There's good news and bad news about Paramount's new Chinatown Blu-ray. The bad news is that the supplemental material, while interesting and worthwhile, is all stuff that's been ported over from previous DVD releases. There is no new bonus content found on the disc. The good news is that the movie looks absolutely great in HD, with a 1080p transfer that cleans things up so well the movie looks like it was made last year. Maybe that's overstating things a bit—occasional flaws are visible, DNR has been applied and there is some mild crushing of blacks—but for a movie that's nearly 40 years old, this is an excellent transfer. The subdued color palette is expertly represented, detail is good throughout and there's a good layer of visible grain to keep it looking like film (which dorks like me love, and will miss when everything ultimately coverts to digital). Two English-language audio tracks are available: one that offers the movie's original mono soundtrack and a second, TrueHD lossless 5.1 surround mix. Honestly, the differences between the two tracks aren't significant, which is a testament to the reservation and good judgment used in creating the surround mix. There's a little more dimensionality and separation of the audio, but the track never goes crazy or overdoes things to the point of sacrificing the integrity of the filmmakers' intentions. It's nice that Paramount has included a mono mix for the purists, but either track is totally serviceable.
All of the bonus features come from Paramount's "Centennial Collection" edition of the film released in 2009. The best among them is a feature-length audio commentary from the movie's screenwriter, Robert Towne, and director David Fincher, who is on hand as a fan of the movie and an interviewer of sorts. Though it's a pretty mellow track and prone to some lapses in the conversation, there's a whole lot of good information here that only serves to increase one's appreciation of the movie; Fincher is so knowledgeable about filmmaking and so enthusiastic about Chinatown that he's got a lot to say, while Towne has a number of firsthand production anecdotes and insight into the movie. Fans of the movie and students of filmmaking will get a lot out of the commentary. Next up is a feature-length documentary, Water and Power, in which Robert Towne and a host of talking heads look back at the real-life history of water in LA. It's an interesting piece that provides some real-world context for the plot of Chinatown, but not the kind of thing I'm likely to return to again. A 30-minute "appreciation" for the movie includes comments from the likes of Steven Soderbergh, Kimberly Pierce, James Newton Howard and Roger Deakins, while "The Beginning of the End," "Filming" and "The Legacy" include contributions from Nicholson, Polanski, Towne and producer Robert Evans, who cover the film's pre-production, shooting and the impact it had when it was released.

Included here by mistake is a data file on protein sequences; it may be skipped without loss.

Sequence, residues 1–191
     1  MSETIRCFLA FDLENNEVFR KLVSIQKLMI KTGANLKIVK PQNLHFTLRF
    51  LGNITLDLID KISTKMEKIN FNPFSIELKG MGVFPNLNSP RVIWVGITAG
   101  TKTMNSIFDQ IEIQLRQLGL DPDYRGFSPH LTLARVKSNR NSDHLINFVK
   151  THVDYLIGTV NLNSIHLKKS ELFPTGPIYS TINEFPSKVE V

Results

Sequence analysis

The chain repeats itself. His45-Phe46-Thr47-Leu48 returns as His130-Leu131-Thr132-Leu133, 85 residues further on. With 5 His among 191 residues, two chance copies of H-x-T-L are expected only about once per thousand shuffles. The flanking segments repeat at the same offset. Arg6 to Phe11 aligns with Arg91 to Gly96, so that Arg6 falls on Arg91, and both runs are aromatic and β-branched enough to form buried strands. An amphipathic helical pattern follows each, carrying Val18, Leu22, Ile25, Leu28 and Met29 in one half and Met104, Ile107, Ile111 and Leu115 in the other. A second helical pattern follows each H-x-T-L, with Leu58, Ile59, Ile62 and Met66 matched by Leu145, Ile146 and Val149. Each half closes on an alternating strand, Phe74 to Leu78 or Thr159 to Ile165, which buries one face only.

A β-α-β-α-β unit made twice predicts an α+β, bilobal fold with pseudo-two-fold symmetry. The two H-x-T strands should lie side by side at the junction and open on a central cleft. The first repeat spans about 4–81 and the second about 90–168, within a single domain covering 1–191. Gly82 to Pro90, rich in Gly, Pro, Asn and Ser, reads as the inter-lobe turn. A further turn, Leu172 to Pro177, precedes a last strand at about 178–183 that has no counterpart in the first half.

Chinatown was and remains one of the best films of the 1970s, an update on the film noir tradition that's also as good or better than anything else the genre has to offer (all that's missing is the stark black and white photography, but that would be all wrong for this story; this one is about beautiful, sun-soaked LA and the darkness that its landscapes conceals). Though the Blu-ray offers no new special features, the inclusion of good (previously released) bonus content and excellent A/V quality make this a must-own for anyone who doesn't already have it in his or her library. It's a true American classic.